It’s a terrible thing to see millions of people losing power due to over stressed grid systems in a first world country like the US.
The Southwest section of the United States is currently experiencing an energy crisis due to uncharacteristically cold weather that has swept through the area over the course of the last week. Pushing local grid systems to their limits, inciting insane price increases for electricity, and forcing power providers to begin inducing rolling blackouts across the region. A truly shocking unfolding of events that has caught your Uncle Marty and millions of others by surprise. Should it be a surprise though? Is it that crazy to think the temperature could drop to below freezing in the Northern hemisphere?
In retrospect, no. This shouldn’t be a surprise. What should be a surprise is how fragile the grid system has proven to be over the last week in certain parts of the country. The fact that Texas, the energy capital of the United States, is experiencing rolling blackouts is a tad... alarming. Certainly something that the energy sector should try to avoid moving forward. How do, though?
Well, one of the biggest problems is attempting to plan for this sort of low probability event. The nature of grid systems in today’s world is such that energy companies attempt to provide just enough energy to any particular grid system to meet peak demand; when it’s really hot or really cold out and people are using AC/heating systems the most. Creating too much excess energy leads to waste, so grid operators depend on historical averages to gauge how much excess capacity they take on. Every once in a while the weather that materializes falls well outside the historical averages and drives demand significantly higher than has been anticipated by energy providers. This is what is happening right now in the Southwest section of the United States.
It’s a terrible thing to see millions of people losing power due to over stressed grid systems in a first world country like the US. You’d expect us to have our shit in better order. How can we be better prepared for an abnormally cold stretch moving forward without wasting too much energy by overproducing for these rare events?
Particularly, bitcoin mining. What better way to prevent waste caused by overproduction to meet peak demand than by ensuring there is an energy consumer of last resort in the form of bitcoin miners looking for low costs of power production? Grid operators no longer have to guess whether or not demand will be met by a supply of people looking to heat or cool their homes. They can know for sure that there will be CONSTANT demand from bitcoin miners looking for cheap energy so they can be rewarded for adding new blocks of transactions to the Bitcoin blockchain. Energy producers will be able to significantly “overproduce” and meet demand that falls multi-standard deviations from the mean. The bitcoin miners converting that energy to hashes when demand is low will simply power off their machines when demand spikes so the grid can service those in desperate need of energy to warm or cool their homes. Ideally, miners acting as buyers of last resort will be able to set up deals with energy providers so they can be compensated for powering down when demand spikes.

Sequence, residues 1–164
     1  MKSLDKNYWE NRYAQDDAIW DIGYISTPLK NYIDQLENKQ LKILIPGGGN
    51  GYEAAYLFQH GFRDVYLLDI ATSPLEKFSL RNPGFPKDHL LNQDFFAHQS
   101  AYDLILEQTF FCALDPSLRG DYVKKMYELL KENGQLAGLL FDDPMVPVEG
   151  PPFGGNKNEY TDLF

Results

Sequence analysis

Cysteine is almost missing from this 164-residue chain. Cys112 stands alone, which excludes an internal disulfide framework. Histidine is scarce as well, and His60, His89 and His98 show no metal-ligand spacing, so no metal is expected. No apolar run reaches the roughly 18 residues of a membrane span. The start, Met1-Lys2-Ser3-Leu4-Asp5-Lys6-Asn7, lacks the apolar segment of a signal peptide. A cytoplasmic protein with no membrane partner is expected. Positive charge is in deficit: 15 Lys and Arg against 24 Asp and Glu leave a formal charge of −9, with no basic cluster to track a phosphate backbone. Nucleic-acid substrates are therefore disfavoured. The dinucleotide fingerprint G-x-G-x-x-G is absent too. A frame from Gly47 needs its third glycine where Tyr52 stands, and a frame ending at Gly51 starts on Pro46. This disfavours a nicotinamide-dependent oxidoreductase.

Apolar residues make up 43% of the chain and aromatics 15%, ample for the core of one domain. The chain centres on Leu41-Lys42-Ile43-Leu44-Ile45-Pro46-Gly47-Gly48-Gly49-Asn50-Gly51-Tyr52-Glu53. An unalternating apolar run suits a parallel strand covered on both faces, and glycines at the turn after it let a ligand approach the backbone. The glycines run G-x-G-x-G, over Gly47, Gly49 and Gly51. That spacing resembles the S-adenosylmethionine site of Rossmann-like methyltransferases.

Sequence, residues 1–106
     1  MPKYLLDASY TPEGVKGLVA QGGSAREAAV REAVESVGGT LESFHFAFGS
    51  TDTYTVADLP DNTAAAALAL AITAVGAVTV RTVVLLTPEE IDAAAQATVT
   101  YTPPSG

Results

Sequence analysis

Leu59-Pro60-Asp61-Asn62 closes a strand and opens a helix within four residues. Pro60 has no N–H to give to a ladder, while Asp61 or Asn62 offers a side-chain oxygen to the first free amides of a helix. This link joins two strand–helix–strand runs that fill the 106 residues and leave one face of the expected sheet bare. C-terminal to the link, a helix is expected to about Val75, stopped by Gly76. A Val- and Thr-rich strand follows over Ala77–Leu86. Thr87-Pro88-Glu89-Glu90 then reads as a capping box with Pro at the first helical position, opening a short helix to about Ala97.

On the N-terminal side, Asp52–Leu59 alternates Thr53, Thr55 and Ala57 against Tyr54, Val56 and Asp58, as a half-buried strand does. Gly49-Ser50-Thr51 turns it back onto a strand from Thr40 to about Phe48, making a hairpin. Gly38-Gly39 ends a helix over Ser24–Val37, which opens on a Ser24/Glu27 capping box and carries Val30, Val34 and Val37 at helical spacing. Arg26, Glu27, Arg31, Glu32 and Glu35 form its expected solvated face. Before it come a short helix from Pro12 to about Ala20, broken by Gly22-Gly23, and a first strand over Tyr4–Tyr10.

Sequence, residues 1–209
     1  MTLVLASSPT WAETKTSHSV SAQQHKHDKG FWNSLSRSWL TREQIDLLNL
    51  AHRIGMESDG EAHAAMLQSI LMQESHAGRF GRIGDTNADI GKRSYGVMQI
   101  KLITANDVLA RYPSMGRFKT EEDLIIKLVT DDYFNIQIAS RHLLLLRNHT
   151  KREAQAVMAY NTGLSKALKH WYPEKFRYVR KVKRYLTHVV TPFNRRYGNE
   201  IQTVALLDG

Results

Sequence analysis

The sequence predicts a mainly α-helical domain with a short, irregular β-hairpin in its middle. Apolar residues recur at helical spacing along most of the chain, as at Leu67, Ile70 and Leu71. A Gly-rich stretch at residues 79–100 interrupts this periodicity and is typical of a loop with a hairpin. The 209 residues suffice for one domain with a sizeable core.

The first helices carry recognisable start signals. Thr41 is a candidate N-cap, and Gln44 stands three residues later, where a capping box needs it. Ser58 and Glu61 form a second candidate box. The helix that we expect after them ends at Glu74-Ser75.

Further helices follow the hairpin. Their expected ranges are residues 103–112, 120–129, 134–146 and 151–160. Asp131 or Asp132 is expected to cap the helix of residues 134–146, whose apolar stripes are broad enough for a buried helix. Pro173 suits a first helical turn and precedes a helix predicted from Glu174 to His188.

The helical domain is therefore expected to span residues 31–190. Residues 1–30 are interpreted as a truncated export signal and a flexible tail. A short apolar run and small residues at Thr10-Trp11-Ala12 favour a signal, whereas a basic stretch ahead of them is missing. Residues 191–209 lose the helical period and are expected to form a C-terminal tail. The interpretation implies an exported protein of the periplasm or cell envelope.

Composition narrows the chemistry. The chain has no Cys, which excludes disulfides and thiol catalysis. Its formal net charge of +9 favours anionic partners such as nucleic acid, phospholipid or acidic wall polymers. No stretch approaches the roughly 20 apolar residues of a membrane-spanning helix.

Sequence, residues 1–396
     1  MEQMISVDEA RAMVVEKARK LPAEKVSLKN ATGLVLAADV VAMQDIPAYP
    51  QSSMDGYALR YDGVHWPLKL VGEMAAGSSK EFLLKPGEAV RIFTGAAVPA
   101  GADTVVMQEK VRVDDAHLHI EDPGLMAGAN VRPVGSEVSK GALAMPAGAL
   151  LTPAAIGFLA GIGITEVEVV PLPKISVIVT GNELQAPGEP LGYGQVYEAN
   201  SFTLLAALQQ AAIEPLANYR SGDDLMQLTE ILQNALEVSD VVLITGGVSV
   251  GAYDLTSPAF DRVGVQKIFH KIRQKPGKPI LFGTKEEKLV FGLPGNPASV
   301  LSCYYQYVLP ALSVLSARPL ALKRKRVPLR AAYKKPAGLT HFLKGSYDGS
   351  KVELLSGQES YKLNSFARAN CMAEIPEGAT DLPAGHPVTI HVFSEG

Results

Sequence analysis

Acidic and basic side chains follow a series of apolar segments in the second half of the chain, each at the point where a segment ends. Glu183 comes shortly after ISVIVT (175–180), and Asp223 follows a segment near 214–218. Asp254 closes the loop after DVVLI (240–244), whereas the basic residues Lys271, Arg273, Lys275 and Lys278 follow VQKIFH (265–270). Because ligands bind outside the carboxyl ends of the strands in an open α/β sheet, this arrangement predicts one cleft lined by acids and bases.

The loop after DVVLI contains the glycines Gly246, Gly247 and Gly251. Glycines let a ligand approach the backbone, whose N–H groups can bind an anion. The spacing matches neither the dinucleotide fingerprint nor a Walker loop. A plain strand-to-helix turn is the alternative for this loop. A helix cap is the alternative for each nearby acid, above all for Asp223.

People like to rail on the phrase, “Bitcoin fixes this”, but there are many instances in which the introduction of the Bitcoin network and its powerful economic incentives truly does fix troubling situations. Strengthening grid systems is just one of them.
Another thing this whole ordeal has highlighted is the ignorant aggressive eagerness with which many individuals want whole economies to transition to “green” energy sources as fast as humanly possible. Without fossil fuels, the grid situation in the Southwest would have been considerably worse. We should be aiming to be as efficient as possible with the fossil fuels we have at our fingertips before approaching the idea of phasing them out. If you want to reduce the amount of CO2 in the atmosphere, maybe think of normalizing large herds of grazing cattle first. Once that option has been earnestly explored maybe we can approach the subject of reducing fossil fuel consumption.
One year down. Many, many more to go. *dad strength intensifies*